Geordie’s eyes fairly lit up. “Oh, boy!” he said. Aunt Lynne sat us down at a picnic table outside the building and brought us two Styrofoam bowls of steaming hot soup. It was overflowing with veggies, beans, and sausage. I took one look at it and thought, um.

You see, I prefer creamy soups. I always have. I’ve always been shy of big bowls of soup with large pieces of vegetables looking at me. This is how you get when you don’t like onion and celery in your soup, since quite a lot of chunky soups are built upon their base. But Geordie was shoveling the soup into his mouth as quickly as he could, and nobody could hate onions more than the man I married. So, to be polite, I took a teensy bite.

Of course I liked it. It’s a very tasty soup. It’s a very hearty, very filling soup – perfect comfort food for a winter’s day. I liked it well enough that I told Geordie I’d make it sometime if he wanted me to, and that made him happy, which made me happy. It was the first recipe I asked Aunt Lynne for, but not the last one. But it is the one I’ve made the most.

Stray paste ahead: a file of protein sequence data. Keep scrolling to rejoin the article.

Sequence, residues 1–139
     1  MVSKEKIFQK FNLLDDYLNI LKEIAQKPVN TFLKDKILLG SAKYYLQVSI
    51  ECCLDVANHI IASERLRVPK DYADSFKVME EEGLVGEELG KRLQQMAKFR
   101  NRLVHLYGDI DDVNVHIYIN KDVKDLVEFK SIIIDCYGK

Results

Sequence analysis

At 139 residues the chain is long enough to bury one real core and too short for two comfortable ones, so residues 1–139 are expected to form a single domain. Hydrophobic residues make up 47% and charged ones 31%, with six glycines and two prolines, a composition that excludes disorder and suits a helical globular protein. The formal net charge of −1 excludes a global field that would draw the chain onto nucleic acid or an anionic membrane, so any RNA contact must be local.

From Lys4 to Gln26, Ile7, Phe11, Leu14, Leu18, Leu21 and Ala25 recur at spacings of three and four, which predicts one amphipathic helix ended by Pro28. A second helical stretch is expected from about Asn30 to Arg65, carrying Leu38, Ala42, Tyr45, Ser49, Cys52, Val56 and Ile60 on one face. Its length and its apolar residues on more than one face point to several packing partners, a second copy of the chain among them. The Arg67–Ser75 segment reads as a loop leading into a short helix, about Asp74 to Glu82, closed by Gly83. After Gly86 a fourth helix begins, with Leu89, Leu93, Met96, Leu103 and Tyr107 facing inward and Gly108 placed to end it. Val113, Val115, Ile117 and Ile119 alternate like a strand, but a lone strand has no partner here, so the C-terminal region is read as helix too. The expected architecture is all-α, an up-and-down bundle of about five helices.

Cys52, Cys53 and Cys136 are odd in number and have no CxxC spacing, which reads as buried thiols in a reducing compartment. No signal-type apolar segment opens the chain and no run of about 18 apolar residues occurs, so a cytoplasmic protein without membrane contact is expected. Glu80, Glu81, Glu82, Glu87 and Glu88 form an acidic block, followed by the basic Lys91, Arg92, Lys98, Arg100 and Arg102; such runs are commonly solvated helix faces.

I’ve been eating this soup for only a year now, and it’s easily one of my favorite soups. Second only to homemade lobster bisque. It’s quite popular where Geordie comes from, but as I’ve never had much exposure to Portuguese cuisine, I’d been terribly ignorant of its existence. Thank goodness that changed! It might not stay cold for long here in Texas, but this is the perfect soup for a chilly winter’s evening.